Pittsburgh is a city of neighborhoods -- 90, to be exact -- each distinct and lovely in its own right. But we aren’t here to talk about loveliness; we're talking levels of tastiness throughout each of them. We've considered each neighborhood's quantity and quality of restaurants, the general ease of getting around, and whether the area can truly hold up for a night out. Here are our picks for the cream of the crop for food locales.
Here's the thing about Regent Square: it is small. It only has a handful of spots to eat. But, every one of those places is very much the shit. There is never a day that we don’t want a D’s hot dog loaded with chili and coleslaw in one hand, and a beer in the other, or an untraditional (sprinkles?!?) yet sophisticated (... and also espresso and dark chocolate?!?) frothy milkshake from Square Cafe. And some of the best hospitality lives at Istanbul Sofra, along with excellent baklava.
Pittsburgh’s Little Italy doesn’t have the best Italian food in Pittsburgh, outside of the immense portions at Pleasure Bar and a couple of solid Italian grocery spots. Va bene -- there are great places to dine with food that isn’t swimming in marinara. But the place that is bringing Bloomfield into the now with the most gusto is Apteka -- we'll have those vegan pierogies any day of the week.
The North Side is all about its hidden gems, with places like the cozy Monterey Pub serving up hearty shepherd’s pie smack-dab in the middle of historic residential row houses. You can also find the best soul food at Carmi and the best tacos at El Burro. It is a neighborhood worth exploring by following your taste buds.
With three thriving business districts in one neighborhood -- Walnut Street, Ellsworth Avenue, and South Highland -- opportunities abound for seriously promising forkfuls. And, in certain weather, this is easily the neighborhood with the most outdoor seating available. Almost every spot spills out onto the sidewalk or, better yet, onto a baller deck or patio (Harris Grill and The Elbow Room repping two of the best).
East Liberty is the development darling of the city with the intersections of Highland, Penn, and Baum taking the top spot for refreshed dining. You can go fancy at The Twisted Frenchman or Spoon (now with an extensive gin menu), or take it easy at Pizza Taglio and the no-frills oyster spot Muddy Waters. Or be the hippest and head to Ace Hotel for Whitfield and an in-your-face plate of tender meat, from roast duck to all sorts of steaks.
Not so long ago, Downtown emptied out after 5pm. Now, good luck getting a reservation at some of the hottest dinner spots in town that just happen to reside inside the Golden Triangle. The Cultural District in particular packs a flavorful punch with Tako, Sienna Mercato, and Bakersfield. A little further afield, Market Square is the place for lunch with dozens of eateries in the vicinity, including Franktuary, the historic Original Oyster House, and Revel + Roost. Honestly, it’s tough to decide where to eat Downtown these days -- and that is great news.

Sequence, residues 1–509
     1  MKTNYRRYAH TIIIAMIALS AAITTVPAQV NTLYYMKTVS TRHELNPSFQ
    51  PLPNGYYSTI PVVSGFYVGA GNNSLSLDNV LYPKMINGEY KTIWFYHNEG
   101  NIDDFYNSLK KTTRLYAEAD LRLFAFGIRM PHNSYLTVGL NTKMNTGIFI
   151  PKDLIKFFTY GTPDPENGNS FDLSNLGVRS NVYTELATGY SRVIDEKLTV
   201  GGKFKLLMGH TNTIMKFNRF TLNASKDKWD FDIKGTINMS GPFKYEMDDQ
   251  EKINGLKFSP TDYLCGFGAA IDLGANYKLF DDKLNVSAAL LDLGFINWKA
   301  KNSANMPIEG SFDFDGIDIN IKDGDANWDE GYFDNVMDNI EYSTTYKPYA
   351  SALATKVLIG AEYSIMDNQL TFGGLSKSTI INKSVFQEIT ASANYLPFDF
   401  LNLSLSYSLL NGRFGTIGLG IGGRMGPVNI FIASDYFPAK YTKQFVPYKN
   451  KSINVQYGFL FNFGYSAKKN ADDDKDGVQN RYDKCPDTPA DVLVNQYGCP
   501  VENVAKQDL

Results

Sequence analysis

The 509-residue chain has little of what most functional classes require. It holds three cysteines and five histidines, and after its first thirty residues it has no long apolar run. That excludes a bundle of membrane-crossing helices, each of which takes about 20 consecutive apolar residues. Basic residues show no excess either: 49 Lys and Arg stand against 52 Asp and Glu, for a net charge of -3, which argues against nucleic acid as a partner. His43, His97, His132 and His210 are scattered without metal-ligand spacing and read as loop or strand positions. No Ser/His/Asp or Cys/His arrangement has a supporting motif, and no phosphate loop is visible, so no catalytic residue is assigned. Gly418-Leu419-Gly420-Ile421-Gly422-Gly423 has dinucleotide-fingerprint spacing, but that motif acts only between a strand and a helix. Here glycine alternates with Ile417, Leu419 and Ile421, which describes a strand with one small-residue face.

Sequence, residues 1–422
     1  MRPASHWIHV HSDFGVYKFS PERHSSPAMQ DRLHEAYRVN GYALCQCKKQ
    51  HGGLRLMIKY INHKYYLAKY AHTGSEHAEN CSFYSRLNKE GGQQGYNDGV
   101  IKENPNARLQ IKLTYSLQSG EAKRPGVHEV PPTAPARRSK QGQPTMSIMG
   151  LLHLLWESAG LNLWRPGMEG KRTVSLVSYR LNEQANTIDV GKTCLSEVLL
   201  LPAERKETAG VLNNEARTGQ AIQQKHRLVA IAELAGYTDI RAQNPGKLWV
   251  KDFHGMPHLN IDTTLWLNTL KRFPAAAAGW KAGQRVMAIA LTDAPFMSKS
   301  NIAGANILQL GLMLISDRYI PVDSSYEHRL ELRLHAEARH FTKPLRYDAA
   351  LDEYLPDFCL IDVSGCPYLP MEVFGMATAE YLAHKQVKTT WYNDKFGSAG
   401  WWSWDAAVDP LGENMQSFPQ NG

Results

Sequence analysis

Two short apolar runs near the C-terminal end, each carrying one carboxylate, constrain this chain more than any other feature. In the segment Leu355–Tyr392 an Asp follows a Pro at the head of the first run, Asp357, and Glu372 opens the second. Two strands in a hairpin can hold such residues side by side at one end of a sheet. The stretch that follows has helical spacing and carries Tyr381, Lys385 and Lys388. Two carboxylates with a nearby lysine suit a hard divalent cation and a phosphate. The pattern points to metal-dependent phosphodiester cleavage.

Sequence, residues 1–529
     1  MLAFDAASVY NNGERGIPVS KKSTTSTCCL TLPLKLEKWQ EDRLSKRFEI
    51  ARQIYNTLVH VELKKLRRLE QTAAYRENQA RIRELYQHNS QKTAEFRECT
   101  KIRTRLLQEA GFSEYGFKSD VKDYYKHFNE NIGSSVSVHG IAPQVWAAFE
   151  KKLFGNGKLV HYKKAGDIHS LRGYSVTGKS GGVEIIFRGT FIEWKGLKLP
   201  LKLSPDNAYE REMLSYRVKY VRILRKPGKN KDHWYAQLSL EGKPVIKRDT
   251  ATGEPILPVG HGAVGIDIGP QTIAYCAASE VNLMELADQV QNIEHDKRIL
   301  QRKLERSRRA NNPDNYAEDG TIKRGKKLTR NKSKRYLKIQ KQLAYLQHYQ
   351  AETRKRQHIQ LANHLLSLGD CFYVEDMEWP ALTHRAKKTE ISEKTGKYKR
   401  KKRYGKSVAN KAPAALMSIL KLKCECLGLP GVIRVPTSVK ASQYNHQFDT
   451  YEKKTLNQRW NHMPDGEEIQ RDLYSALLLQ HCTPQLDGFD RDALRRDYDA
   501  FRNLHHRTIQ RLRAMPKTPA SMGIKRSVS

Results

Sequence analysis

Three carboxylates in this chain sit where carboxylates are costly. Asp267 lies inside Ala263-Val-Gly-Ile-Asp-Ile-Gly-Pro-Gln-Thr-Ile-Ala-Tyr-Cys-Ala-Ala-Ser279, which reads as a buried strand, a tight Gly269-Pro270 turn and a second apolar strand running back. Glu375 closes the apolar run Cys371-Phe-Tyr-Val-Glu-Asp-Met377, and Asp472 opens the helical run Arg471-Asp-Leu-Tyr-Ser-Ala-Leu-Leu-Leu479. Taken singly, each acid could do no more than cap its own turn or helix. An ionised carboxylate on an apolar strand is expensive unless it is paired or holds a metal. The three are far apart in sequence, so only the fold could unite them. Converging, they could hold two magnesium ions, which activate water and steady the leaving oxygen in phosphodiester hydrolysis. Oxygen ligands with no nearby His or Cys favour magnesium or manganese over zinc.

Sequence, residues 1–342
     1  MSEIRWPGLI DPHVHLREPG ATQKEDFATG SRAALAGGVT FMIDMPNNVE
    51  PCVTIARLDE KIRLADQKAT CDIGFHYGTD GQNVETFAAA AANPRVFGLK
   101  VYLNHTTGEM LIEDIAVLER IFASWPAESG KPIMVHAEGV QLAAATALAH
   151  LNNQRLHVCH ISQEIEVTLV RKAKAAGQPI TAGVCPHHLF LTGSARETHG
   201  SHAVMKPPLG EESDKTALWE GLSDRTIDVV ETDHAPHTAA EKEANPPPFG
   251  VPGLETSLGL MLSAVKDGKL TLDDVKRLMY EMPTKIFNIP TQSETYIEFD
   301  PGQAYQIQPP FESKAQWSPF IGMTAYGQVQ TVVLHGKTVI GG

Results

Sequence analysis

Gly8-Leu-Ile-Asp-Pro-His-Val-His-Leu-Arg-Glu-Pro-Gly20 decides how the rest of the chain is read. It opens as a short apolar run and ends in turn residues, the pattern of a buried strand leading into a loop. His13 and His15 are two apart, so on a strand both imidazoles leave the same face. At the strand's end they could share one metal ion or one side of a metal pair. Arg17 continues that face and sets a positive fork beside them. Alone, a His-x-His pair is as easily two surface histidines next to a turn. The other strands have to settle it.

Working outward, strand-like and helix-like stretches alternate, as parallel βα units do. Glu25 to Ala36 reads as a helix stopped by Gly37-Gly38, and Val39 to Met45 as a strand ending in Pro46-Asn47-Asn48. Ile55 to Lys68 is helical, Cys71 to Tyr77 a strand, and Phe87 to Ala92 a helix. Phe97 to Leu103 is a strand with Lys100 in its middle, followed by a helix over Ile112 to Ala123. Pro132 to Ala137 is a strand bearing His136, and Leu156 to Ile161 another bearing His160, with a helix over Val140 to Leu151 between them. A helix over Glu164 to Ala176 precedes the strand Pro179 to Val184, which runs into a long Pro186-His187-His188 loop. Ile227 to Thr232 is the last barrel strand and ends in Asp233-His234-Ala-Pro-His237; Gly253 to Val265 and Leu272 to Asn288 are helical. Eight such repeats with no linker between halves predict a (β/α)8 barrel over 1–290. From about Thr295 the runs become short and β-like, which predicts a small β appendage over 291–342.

Squirrel Hill is THE place for Asian cuisine in Pittsburgh. Chengdu Gourmet leads the way with its buzzy Szechuan plates. There is also a wealth of kosher cuisine for the large Jewish contingent in the area (including a kosher Dunkin' Donuts -- the only one in town!). And if that wasn’t enough, the hottest pizza battle occurs on Murray between Aiello’s and Mineo’s. This writer's an Aiello's girl through and through, but Mineo's often takes the public gold.
Upper Lawrenceville keeps getting better with a mix of cool stores, breweries, and good eats. Where else can you eat cakes until 11pm like you can at Butterwood Bake Consortium? Nowhere, good sirs and madams! You will be hard-pressed to find better atmospheres and bites than at B52 and Pusadee’s Garden. It’s only a matter of time before Upper Lawrenceville eclipses its lower neighbors as the it spot for a night out as it continues to grow.
Known for getting a little pukey and punchy after the sun goes down, South Side should really be more known for hosting killer eats. It boasts the most eclectic offerings of any neighborhood, from the fancy Italian at Dish to the souped-up sandwiches of Carson Street Deli to the straight-from-England boxtys of Piper’s Pub to the vegan meals of Amazing Cafe. Plus, there have been Sidney Crosby sightings in Stagioni, so, bye.
Try to resist the sweet unlicensed Steelers goods awaiting you at every turn -- you're here for the food, people. Buy your sausage, cheese, and fish for later at the food purveyors lining Penn. Then, eat at one of the many storied institutions that call the Strip home or one of the young guns only bolstering the area's dining reputation. The first Primanti Bros. is here and the best wood-fired meat this side of the Equator is here at Gaucho. Smallman Galley is bringing the national food hall trend to Pittsburgh but instead of promoting high-stakes competition between the chefs, it fosters ideation and growth for fledgling restaurant concepts.
The essentials: The Vandal, La Gourmandine, Smoke Note that we've grouped Lower Lawrenceville and Central Lawrenceville together -- literally no one says Central Lawrenceville. Deal with it! And deal with the fact that this neighborhood is the top dog for dining. No one in the country can keep their cool when talking about Justin Severino’s Spanish-tapas-themed Morcilla, and the neighboring restaurants are no slouches either. The Vandal is giving all other Pittsburgh brunches a run for their money; Smoke is reinventing the duality of a fusion restaurant by making delicious Mexican food with its barbecued meats; and Piccolo Forno has some of the best Italian in the city. Try to find a place that flat-out sucks. It simply isn’t possible.
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Laura Zorch is hard-pressed to find a neighborhood that she hasn't had a meal in. Challenge her @lzorch!